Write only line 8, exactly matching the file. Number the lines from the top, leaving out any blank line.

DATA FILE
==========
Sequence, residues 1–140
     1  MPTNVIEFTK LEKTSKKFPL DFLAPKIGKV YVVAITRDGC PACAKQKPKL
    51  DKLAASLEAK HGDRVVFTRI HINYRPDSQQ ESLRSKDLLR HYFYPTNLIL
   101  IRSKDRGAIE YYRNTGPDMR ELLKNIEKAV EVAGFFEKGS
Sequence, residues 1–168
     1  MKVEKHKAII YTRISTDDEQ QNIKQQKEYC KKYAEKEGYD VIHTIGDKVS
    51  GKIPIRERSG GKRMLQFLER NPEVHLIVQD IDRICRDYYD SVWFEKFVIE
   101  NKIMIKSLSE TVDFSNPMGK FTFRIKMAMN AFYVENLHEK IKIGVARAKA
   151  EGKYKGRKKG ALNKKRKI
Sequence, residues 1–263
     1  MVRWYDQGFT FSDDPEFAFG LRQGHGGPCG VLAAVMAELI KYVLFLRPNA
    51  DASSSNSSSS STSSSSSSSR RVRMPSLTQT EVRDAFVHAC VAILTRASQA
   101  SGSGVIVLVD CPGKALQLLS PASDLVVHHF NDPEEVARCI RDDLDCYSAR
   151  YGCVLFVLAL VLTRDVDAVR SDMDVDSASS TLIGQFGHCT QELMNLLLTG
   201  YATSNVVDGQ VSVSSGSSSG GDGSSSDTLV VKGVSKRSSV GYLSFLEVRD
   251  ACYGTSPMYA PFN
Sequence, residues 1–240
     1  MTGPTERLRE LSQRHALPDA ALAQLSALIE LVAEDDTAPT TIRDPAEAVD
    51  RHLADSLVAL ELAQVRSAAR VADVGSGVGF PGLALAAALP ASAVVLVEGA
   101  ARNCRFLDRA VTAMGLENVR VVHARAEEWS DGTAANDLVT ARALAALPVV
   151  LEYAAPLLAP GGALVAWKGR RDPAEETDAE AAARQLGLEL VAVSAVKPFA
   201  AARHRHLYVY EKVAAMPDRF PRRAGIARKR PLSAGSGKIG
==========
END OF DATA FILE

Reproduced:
   101  NKIMIKSLSE TVDFSNPMGK FTFRIKMAMN AFYVENLHEK IKIGVARAKA